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Dry Particulate

Last updated: May 16, 2019

What Does Dry Particulate Mean?

Dry particulate matter refers to hazardous solid particles that are small enough to enter the human body (particularly the lungs), potentially resulting in health problems.

Particulate matter (PM) can consist of solid (dry) particulate, liquid particulate (which includes pure substances and aqueous solutions), solids suspended in liquids, and solid-liquid mixtures. It may be microscopic or large enough to be seen by the naked eye. Visibility also depends on the color, quantity, and concentration of the particles present in a given environment.

Safeopedia Explains Dry Particulate

Particulate matter is often categorized according to the size of the particles. For instance, PM10 particles have a maximum diameter of 10 micrometers, while PM2.5 particles have a maximum diameter of 2.5 micrometers. The production of dry particulate is a byproduct of many work processes, such as those involving combustion. Workers exposed to dry particulates can face respiratory and other problems due to inhalation of particles, as well as eye irritation and other health effects.

Safety Measures

Personal protective equipment (PPE) used to protect against dry particulate, such as coveralls, may be less stringent than that used to protect against liquid particulates, depending on the work environment. This is due to the reduced risk that dry particulate will permeate protective material or seep through seams.

Workplace activities that produce dry particulate matter include construction work, mineral processing, various combustion processes, and activities that “unsettle” particulates such as transport over unpaved roads. For instance, coal processing creates large amounts of ash. A major advantage of coal processing using gasification (subjecting it to extremely high heat) instead of combustion is that products resulting from gasification are more dense than combustion products, and thus the dry particulate that results from the process can be more easily filtered.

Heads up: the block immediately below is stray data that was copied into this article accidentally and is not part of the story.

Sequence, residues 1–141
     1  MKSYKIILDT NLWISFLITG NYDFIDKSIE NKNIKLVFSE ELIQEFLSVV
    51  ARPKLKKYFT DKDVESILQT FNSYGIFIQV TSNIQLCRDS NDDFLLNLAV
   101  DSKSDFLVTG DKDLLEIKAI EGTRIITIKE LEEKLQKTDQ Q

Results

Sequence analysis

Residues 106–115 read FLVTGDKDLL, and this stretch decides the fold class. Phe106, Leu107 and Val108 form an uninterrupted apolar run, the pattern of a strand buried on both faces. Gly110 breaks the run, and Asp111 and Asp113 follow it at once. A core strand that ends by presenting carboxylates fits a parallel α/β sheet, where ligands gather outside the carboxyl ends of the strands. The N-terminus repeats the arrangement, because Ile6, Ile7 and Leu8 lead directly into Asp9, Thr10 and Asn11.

Exposure Limits

OSHA and other occupational health and safety agencies use exposure limits as a primary method of providing employers with obligations to protect workers from particulate hazards. These limits depend on both the size and toxicity of the individual particulate substance.

Exposure to diesel particulate matter (DPM) is a common source of exposure to dry particulates, especially for workers in construction, mining, and other industries in which diesel-run vehicles are prevalent. OSHA has permissible exposure limits (PEL) for three DPM component gases, while the U.S. Mine Safety and Health Administration directly limits miners’ DPA exposure to an eight-hour time-weighted average of 160 micrograms per cubic meter (μg/m3) measured by total carbon particulates. For situations in which a particulate does not have a specific PEL, it may fall under a “Particulates Not Otherwise Regulated” provision.

It is important for workers to understand the nature of the particulate substances in their workplace, as the risks associated with exposure to dry particulate matter depends on the size, reactivity, and other physical properties of the particulate. The PPE or air scrubbers necessary to prevent or limit exposure are also affected by these properties.


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